Claiming that your property taxes are too high and continue to increase is not a valid basis for an appeal. As mentioned previously, The State of Michigan requires the assessor to increase the taxable value annually by the CPI therefore the Taxable Value increases each year based on the Consumer Price Index or 1.05 whichever is less. To actually see a reduction in taxes, the Assessed Value (SEV) or Capped Value must decrease to less than the level of your current Taxable Value. To have a good basis for appeal you need to provide evidence which indicates the Assessed Value is in excess of 50% of the True Cash Value. This requires some fact finding on your part.
Will I be notified of changes in my assessment?
Notices of Assessment and Taxable Valuation and Property Assessment are mailed to property owners approximately the first week of March each year. Read your notice carefully paying particular attention to the Homestead Exemption applied. If you have questions or wish to appeal your assessment, contact the Assessor’s Office.
How do I appeal my property assessment?
The State of Michigan established the appeal process to assure that the property tax system would function in an equitable fashion. It is the taxpayers right to take advantage of this process. If after reviewing your Notice of Assessment, you wish to appeal your property assessment, contact the Lodi Township office to schedule an appointment at the March Board of Review Meeting. The exact dates for this meeting may be obtained by calling our office and it is also printed on the assessment notice.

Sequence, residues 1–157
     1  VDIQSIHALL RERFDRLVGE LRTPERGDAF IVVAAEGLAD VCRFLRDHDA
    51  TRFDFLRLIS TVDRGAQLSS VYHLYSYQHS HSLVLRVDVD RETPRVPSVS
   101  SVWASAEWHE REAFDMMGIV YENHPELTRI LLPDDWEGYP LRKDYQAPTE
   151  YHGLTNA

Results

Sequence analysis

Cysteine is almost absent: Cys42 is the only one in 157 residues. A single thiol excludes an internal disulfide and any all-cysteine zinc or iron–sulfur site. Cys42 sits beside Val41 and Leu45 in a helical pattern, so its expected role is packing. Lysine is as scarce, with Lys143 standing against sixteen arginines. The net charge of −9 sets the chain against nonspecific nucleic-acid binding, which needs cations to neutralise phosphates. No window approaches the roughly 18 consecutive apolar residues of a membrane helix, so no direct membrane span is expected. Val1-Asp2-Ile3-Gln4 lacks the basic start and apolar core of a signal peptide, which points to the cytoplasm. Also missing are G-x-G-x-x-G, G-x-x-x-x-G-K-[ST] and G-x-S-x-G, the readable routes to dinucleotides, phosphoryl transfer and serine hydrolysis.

You will receive notification of the Board’s decision regarding your appeal several weeks after the Board adjourns. This notification also provides you with information for further appeal to the Michigan Tax Tribunal (MTT) if you are not satisfied with the Board’s decision. In order to appeal to the Michigan Tax Tribunal, you are required to first protest your property value before the local Board of Review and finalize payment on any property taxes you may owe. Appeals to the MTT must be filed by May 31 of the current year for Commercial, Industrial, or Developmental Class; by July 31 of the current year for Residential, Timber-Cutover, or Agricultural Class. Contact the Michigan Tax Tribunal at PO Box 30232, Lansing, Michigan, 48909 or 517-334-6521.
What is a Principal Residence Exemption (PRE) and how do I qualify?